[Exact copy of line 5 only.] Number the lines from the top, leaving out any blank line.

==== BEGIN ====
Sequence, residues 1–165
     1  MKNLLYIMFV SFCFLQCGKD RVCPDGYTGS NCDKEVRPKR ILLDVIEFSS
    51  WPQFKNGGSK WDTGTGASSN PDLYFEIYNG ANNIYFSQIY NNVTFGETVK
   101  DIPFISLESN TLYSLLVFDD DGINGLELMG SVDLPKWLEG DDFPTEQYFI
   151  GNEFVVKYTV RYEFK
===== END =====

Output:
   151  GNEFVVKYTV RYEFK